Boom in IT literacy rate ? No kidding ?

Posted on August 1, 2007  /  7 Comments

The last computer literacy survey done by the Census and Statistics Department in 2004 puts the IT literacy of the 5-69 yrs population in Sri Lanka less than 10%. (See graph) 

Of course, one has to take these figures with a pinch of salt. The life expectance in Sri Lanka is not 69 years (It is 72 for males and 77 for females) so the figures are skewed more towards the younger population. 

Also it is noteworthy that the ‘IT literacy’ was defined in this survey as the ‘ability to operate a computer’ – even for a basic task like copying a file or playing games. 

So the 10% IT literacy rate does not mean much. Practically the IT literacy rate of the entire Sri Lankan population cannot be more than 5%. Depending upon what we mean by ‘IT literacy it can even be as low as 1-2%. (According to Telecommunication Regulatory Commission Sri Lanka the number of Internet and E-mail subscribers in Sri Lanka has been only 150,000 by the quarter 1, 2007) 

Now ICTA says the IT literacy rate in Sri Lanka has risen to 15-20%. The simple fact of giving a range instead of an exact figure indicates this is nothing but pure gestimation. As far as we know the results of 2007 IT literacy survey has not been published. (Of course, ICTA can always correct us if this is wrong) All we say that goes against our common sense. 

Of course as we all know, cooking up statistics for political mileage is not treated as a crime in this country.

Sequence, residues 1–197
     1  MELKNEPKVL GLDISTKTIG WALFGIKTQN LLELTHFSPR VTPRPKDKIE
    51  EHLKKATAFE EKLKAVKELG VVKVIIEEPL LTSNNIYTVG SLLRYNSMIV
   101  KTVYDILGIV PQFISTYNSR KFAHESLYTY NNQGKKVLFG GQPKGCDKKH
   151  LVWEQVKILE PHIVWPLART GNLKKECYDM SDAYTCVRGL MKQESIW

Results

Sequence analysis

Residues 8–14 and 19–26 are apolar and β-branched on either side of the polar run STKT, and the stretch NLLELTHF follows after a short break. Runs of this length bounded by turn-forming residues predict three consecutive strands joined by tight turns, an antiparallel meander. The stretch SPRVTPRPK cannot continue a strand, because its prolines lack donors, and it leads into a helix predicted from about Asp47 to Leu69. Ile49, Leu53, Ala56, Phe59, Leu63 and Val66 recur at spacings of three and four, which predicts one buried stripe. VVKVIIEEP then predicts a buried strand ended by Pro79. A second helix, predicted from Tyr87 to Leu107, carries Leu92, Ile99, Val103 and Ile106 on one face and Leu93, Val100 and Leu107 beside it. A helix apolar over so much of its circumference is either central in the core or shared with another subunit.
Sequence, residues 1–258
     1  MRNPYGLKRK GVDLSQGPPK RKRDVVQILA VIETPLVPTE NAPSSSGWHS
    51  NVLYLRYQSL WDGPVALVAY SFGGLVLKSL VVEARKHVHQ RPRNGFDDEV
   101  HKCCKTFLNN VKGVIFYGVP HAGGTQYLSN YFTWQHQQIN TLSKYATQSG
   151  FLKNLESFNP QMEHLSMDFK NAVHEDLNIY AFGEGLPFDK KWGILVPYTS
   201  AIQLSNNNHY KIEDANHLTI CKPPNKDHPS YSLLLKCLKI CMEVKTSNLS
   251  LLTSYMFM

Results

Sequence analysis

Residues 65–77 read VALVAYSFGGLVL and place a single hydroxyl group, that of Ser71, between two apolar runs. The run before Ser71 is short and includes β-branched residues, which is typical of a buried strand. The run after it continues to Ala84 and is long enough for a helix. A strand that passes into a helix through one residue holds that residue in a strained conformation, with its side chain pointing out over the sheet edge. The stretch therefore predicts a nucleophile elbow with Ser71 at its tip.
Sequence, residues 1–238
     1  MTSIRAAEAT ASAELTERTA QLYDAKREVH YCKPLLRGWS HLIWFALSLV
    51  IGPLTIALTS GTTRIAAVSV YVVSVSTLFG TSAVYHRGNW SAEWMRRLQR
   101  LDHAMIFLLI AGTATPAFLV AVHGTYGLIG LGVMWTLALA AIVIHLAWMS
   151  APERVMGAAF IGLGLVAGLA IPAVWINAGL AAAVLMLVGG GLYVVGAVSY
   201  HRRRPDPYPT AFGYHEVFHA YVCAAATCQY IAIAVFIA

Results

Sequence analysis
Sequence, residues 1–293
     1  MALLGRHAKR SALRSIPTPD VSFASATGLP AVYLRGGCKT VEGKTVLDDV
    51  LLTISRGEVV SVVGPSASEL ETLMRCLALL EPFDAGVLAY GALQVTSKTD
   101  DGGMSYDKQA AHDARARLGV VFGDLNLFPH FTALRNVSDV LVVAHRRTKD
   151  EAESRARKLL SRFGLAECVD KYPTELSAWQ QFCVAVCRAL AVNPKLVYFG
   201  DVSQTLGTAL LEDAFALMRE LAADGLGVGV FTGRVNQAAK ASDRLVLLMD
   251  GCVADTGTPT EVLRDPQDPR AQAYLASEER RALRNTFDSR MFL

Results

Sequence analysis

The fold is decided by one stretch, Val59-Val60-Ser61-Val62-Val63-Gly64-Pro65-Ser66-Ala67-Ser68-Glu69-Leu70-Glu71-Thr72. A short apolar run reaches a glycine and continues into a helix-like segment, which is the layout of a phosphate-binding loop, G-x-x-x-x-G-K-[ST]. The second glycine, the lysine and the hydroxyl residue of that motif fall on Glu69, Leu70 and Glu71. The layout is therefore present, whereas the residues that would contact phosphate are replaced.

This is what Daily News reported today. 

Boom in IT literacy rate 

Anjana Samarasinghe and Tamara Nissanka 

ICTA Consultant J.K Perera told Daily News the country’s IT literacy rate is between 15 percent to 20 percent. ICTA is targeting to increase this amount to 60 percent. 

Earlier only the Western Province contributed to the country’s IT literacy level. But there is a significant growth in the rural communities who have IT literacy. 

Under the Nenasala initiative ICTA was able to establish 400 Nenasala units around the country. The 400th Nenasala was established yesterday at the Colombo District Secretariat. ICTA expects to increase this number to 600 by the end of this year. 

“We have establish a Nenasala at the Foreign Employment Bureau (FEB). Within a few months time we will be linking all the Nenasala centres in the island with the FEB Nenasala. 

This will help rural youth to find foreign job opportunities available at the FEB, Perera said. 

Project Manager Information Infrastructure of ICTA S. Gavashkar told Daily News that they have nearly 15 Nenasala centres in North East areas and they have noticed that there is a high demand for the videoconferencing. 

In North, ICTA has Nenasala centres in the Jaffna University and Palali. Most of the people live in Jaffna use videoconferencing to keep in touch with their relatives abroad, he said. 

He also said that apart from Nenasala centres there are private communication centres in north, and these communication facilities are available at affordable prices. At present in Jaffna they charge Rs 60 for one hour Internet surfing.